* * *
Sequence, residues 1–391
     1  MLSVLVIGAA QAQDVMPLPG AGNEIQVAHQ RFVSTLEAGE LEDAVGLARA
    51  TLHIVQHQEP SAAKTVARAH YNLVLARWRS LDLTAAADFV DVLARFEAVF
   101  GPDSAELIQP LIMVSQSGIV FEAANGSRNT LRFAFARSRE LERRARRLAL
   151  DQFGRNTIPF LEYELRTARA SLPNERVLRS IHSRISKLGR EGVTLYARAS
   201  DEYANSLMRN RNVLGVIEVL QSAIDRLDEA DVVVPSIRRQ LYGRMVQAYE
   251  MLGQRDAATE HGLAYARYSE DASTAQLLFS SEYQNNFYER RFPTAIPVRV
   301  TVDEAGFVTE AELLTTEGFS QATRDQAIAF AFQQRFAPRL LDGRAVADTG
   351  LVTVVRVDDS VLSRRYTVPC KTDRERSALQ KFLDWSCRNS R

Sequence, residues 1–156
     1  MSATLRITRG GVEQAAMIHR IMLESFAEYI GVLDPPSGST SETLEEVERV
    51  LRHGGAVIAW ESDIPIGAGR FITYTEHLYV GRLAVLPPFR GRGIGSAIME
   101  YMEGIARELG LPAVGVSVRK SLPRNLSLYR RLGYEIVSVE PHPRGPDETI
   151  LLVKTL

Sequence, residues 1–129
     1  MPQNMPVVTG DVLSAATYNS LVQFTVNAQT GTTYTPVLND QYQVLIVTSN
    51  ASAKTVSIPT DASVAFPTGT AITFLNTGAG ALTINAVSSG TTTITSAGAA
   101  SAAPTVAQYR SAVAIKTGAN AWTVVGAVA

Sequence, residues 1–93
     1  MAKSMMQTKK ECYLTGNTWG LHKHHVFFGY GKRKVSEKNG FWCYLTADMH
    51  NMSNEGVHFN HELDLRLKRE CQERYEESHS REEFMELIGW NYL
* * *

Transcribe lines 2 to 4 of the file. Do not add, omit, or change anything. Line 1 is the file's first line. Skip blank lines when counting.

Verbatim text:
     1  MLSVLVIGAA QAQDVMPLPG AGNEIQVAHQ RFVSTLEAGE LEDAVGLARA
    51  TLHIVQHQEP SAAKTVARAH YNLVLARWRS LDLTAAADFV DVLARFEAVF
   101  GPDSAELIQP LIMVSQSGIV FEAANGSRNT LRFAFARSRE LERRARRLAL